At first, Kelly's customers only acknowledged Portland's prevalent Victorian style as historic, failing to recognize the significance of the city's abundant bungalows and four-squares. "An owner of a great old Craftsman would come into the store and say, 'I'm sorry for having this old bungalow,'" he remembers. "But now the public's overall sophistication and awareness have increased."

From Kelly's vantage point, the growth of a robust preservation ethic has been gradual. Customers used to think that restoration was the sole province of wealthy homeowners who could create their own house museums filled with one-of-a-kind relics from antiques shops. Gradually, more and more customers demonstrated an interest in affordable but authentically restored family homes—occupied by dogs, cats, and (gasp) children. Kelly and Rejuvenation supplied them with the house parts they wanted—especially light fixtures. 

"When we were first making our lights," says Kelly, "all you could find in the stores were standard fixtures in a box. They were cheaper than the authentic originals, but they were generic." Homeowners wanted quality and variety. So Kelly took a page from the past, when scores of companies produced distinctive designs, and marketed his reproductions in a variety of finishes and custom styles.

"For a fixture to really work in a period interior, it needs to have the correct number of arms and the subtleties of the metal finishing, and must hang at the right length. Those are the key ingredients," says Kelly. "But beyond aesthetics, we match the quality and durability achieved in historic fixtures so our pieces will last. Now we call that sustainability."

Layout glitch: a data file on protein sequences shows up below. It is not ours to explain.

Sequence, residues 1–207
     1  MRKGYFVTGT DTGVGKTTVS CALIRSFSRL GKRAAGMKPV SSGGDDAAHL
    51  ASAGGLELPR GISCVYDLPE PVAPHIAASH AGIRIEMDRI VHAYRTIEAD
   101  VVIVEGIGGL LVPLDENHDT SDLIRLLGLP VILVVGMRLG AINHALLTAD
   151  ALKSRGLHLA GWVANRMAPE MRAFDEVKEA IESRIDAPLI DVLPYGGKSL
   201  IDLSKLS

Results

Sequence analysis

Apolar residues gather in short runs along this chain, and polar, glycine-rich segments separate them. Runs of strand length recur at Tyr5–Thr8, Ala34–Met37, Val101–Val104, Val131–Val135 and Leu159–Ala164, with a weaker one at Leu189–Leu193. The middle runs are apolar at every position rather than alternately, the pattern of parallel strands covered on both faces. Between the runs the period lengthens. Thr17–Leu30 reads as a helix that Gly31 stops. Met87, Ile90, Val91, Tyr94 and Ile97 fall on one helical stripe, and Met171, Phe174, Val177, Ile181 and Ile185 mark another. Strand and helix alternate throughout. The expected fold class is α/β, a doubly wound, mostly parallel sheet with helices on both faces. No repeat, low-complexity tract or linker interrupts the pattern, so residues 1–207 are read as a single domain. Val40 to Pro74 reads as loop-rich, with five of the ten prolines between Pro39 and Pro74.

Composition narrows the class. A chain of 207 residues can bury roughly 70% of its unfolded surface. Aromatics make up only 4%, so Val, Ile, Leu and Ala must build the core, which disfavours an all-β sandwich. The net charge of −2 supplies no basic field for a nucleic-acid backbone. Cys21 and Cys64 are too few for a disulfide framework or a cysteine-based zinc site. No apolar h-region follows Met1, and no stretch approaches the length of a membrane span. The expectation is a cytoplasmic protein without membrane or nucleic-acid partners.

In the most obvious sense, Rejuvenation hovers between two worlds, pulling information, techniques, and designs from the past and piecing them together with new parts for a modern function. Kelly has not only created a line of historical replicas in Rejuvenation's lighting fixtures and hardware, he has also built a factory operation that can claim the nostalgic attributes epitomized by companies that flourished a century ago (but with better labor and environmental practices).

Of course, the business wouldn't be doing well if it did not adapt to new technology. "After all these years," says Kelly, "I still enjoy finding the originals that we end up replicating. The Web has really changed that in a good way—a great thing for a specialized marketplace like preservation. It's just another tool to help us do a better job."

Someone who, as a boy, saw value in the 1915 white tiles he yanked off a bathroom wall, and who later built a profitable example of preservation retail inside a condemned building, has a good perspective on the relevance of historic architecture. "Mainly, it's been inspiring to see such a significant change in psychology over 30 years," says Kelly. "We're finally beginning to catch up to the many parts of the world where historic preservation has been an unassailed norm. We're starting to see these old buildings and their parts as having an economic and a cultural value."